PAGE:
Year one will be focused on developing the SMS technology, and the questions/support protocol that students will then experience over the course of their application process. An Alpha prototype will be in the hands of student focus groups by the beginning of July. Results from this initial study will guide the development of the Beta iteration. This second draft must be ready for distribution and use at the beginning of the 2010/2011 school year. A medium-scale implementation will occur at five urban high schools and impact 500 students.

Year two, we will continue the formative design process of our SMS servers, while also working to identify morally appropriate revenue streams to support the continuation of our work. We will also initiate an outreach campaign to promote CollegeSnapps through social media to guidance counselors and college admissions offices. We will also transition into the commercial application scene, and begin to develop platform specific apps. for top selling mobile phones (iPhone, Google’s Android, and Windows Mobile).

Instead of expanding our offerings concurrently in year three, we will instead redouble our efforts to conduct user studies and focus groups in an effort to streamline CollegeSnapps, avoiding complication, and instead crafting a streamlined platform that cleanly scaffolds users through the application process.

What would prevent your project from being a success?

This project’s success would result in a dramatic increase in the number of students from low-income households that apply to and enroll in socially responsible institutions of Higher Education. This is contingent upon a comprehensive design that is aligned with the needs of our users, that responds well to the desires of our secondary stakeholders, and that can be supported in a financially stable manner without deviation from the moral underpinnings of our organizational goals.

CollegeSnapps must simplify the application process, while also working to extrinsically motivate students to engage in an complicated sequence of critical steps that are necessary for enrollment (e.g. taking a college entrance exam, completing the college application or filing for financial aid). Therefore the platform must be both engaging and educational. The key here is simplification, if our product complicates the application process, CollegeSnapps could become a deterrent to the application process.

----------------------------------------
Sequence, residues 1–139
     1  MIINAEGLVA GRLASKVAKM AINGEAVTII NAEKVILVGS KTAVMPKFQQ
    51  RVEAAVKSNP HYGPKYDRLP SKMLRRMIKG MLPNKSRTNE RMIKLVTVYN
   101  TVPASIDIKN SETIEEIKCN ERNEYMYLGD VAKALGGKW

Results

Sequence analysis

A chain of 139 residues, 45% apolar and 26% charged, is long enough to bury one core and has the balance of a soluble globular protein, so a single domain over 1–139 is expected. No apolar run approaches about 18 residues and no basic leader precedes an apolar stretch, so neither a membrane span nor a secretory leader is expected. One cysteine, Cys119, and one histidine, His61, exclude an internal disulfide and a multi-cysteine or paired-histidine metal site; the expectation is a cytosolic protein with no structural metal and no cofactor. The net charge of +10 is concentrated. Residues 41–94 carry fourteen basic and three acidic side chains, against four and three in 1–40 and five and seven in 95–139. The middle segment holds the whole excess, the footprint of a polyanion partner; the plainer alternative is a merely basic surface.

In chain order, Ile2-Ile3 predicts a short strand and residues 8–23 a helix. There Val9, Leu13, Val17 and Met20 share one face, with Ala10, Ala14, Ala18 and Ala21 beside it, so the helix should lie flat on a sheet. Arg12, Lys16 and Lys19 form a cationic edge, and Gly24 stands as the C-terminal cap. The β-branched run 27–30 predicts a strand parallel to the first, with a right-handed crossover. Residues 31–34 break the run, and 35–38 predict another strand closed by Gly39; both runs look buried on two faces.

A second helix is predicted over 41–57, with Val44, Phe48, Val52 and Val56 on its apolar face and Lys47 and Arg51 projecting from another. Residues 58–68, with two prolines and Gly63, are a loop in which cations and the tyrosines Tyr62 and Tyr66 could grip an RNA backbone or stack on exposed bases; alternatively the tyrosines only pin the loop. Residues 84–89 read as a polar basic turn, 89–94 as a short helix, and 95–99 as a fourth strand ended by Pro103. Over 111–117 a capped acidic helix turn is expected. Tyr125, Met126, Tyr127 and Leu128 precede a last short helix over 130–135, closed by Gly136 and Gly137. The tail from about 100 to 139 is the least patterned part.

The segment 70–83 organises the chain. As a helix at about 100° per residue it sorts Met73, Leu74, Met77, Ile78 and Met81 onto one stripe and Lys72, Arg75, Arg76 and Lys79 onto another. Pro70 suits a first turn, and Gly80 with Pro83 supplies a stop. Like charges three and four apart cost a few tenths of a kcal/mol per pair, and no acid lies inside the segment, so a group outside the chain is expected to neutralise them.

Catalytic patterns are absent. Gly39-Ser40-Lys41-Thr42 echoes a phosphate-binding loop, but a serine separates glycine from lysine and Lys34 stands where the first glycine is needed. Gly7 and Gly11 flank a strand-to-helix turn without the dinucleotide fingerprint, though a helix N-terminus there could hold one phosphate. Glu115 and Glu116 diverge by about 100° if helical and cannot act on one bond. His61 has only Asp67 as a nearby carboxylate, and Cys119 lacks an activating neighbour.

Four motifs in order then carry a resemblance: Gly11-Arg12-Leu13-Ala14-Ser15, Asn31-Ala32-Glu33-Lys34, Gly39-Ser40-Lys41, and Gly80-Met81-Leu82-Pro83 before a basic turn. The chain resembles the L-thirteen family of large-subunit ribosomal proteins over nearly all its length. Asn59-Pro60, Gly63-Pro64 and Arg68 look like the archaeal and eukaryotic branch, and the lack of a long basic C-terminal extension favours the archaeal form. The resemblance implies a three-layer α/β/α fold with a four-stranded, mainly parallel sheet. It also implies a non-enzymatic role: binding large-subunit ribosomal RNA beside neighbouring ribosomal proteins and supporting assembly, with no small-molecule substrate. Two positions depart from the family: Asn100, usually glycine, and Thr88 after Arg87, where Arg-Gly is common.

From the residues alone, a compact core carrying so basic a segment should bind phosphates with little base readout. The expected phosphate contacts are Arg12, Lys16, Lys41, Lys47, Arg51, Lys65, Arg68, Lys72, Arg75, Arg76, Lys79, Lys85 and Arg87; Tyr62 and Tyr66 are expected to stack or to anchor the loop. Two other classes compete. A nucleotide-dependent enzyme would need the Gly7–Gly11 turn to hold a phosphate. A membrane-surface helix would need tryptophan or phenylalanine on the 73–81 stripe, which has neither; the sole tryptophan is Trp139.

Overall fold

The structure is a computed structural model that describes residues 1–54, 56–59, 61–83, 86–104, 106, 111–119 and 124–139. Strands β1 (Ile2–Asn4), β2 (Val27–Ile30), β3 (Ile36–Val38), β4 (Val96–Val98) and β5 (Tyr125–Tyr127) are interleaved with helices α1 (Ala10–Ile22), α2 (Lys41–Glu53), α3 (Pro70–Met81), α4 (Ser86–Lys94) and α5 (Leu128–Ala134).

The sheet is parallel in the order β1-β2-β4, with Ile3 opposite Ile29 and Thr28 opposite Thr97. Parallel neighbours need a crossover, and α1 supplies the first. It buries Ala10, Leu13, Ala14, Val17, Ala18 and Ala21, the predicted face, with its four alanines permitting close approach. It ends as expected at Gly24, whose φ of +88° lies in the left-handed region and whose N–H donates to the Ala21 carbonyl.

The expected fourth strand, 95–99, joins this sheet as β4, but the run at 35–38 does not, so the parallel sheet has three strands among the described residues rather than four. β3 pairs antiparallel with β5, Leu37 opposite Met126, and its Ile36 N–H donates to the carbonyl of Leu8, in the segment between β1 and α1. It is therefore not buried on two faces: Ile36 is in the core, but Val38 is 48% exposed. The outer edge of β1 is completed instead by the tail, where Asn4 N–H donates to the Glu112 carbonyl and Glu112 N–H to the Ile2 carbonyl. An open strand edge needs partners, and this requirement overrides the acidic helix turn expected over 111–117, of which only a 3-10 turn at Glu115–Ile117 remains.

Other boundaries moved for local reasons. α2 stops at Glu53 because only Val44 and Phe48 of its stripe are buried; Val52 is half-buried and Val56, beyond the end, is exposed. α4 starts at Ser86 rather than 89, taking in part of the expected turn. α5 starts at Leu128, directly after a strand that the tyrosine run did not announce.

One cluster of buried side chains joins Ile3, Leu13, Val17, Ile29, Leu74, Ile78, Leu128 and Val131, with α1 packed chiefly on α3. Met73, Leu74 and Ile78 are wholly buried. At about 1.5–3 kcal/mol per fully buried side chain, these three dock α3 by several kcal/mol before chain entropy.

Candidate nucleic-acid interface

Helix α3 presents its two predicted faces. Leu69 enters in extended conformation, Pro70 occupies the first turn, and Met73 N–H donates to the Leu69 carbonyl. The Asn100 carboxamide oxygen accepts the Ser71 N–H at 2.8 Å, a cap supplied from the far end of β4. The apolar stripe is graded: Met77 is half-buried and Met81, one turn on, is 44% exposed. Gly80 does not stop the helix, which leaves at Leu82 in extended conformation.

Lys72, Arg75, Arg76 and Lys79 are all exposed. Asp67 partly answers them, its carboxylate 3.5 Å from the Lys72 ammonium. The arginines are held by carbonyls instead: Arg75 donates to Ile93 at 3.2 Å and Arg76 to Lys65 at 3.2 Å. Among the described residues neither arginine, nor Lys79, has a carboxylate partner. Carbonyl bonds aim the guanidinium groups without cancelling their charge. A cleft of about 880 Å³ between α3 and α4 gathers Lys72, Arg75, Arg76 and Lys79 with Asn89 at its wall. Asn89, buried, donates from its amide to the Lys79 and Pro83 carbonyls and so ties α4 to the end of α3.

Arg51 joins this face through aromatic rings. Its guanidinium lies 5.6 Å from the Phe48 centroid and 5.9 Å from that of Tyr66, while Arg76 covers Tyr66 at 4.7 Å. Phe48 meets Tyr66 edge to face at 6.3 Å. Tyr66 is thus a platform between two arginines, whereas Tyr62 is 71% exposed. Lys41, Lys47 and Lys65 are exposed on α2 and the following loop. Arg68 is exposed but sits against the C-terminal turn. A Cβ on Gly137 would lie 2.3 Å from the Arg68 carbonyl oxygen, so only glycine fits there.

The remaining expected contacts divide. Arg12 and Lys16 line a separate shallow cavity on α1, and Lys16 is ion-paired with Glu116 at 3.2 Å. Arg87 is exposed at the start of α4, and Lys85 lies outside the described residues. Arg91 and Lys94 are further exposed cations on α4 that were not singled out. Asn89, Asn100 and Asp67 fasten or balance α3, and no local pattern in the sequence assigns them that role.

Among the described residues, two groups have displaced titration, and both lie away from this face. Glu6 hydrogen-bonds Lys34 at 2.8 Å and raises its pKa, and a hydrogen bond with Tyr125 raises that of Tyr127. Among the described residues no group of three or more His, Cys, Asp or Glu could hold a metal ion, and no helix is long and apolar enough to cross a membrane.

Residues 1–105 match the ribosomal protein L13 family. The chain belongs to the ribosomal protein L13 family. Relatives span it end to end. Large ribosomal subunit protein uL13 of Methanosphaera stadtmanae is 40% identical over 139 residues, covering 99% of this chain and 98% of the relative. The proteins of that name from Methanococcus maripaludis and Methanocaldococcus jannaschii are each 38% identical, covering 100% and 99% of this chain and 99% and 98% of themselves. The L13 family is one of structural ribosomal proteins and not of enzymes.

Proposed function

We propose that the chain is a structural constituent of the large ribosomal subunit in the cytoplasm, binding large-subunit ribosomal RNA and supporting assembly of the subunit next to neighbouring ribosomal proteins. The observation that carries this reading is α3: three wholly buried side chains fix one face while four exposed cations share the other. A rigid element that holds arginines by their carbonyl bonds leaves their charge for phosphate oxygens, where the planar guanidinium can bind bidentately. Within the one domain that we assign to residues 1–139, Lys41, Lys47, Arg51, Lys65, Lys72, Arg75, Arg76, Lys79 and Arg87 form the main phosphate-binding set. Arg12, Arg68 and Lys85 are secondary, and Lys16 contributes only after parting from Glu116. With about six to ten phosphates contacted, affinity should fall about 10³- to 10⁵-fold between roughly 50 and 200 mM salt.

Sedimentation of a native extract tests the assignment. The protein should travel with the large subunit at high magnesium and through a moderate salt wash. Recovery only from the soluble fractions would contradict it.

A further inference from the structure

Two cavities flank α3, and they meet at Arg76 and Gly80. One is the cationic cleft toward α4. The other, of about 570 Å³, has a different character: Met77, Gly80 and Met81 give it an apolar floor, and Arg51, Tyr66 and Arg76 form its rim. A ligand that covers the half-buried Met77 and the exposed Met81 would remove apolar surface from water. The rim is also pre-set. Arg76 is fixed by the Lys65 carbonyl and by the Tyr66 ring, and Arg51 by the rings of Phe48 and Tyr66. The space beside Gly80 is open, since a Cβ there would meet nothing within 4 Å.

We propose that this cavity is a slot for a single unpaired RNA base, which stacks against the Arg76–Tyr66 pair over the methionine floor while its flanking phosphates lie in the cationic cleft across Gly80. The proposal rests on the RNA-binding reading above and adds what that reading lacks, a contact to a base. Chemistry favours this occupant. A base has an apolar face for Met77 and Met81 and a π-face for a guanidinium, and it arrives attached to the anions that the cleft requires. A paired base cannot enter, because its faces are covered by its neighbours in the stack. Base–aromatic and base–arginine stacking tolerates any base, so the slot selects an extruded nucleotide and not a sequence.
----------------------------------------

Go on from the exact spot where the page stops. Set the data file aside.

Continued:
While the design must be initially drafted to meet the needs of our primary stakeholders (students), it must also meet the needs of the secondary stakeholders (parents, high school guidance counselors, and college admissions officers). Student access and awareness of CollegeSnapps is likely to be driven by the latter group, so it is crucial that we integrate their needs into our organizational goals and the design of our service. We must also work to ensure that CollegeSnapps does not aggravate the existing divide between student and counselor, and instead works to bridge that gap by facilitating communication.

How many people will your project serve annually?

More than 10,000

What is the average monthly household income in your target community, in US Dollars?

$1000 - 4000

Does your project seek to have an impact on public policy?

Yes

Sustainability

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What stage is your project in?

Idea phase

In what country?

United States, RI

Is your initiative connected to an established organization?

If yes, provide organization name.

How long has this organization been operating?

Less than a year

Does your organization have a Board of Directors or an Advisory Board?

Does your organization have any non-monetary partnerships with NGOs?

No

Does your organization have any non-monetary partnerships with businesses?

No

Does your organization have any non-monetary partnerships with government?

No

Please tell us more about how these partnerships are critical to the success of your innovation.

N/A

What are the three most important actions needed to grow your initiative or organization?

N/A

The Story

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What was the defining moment that led you to this innovation?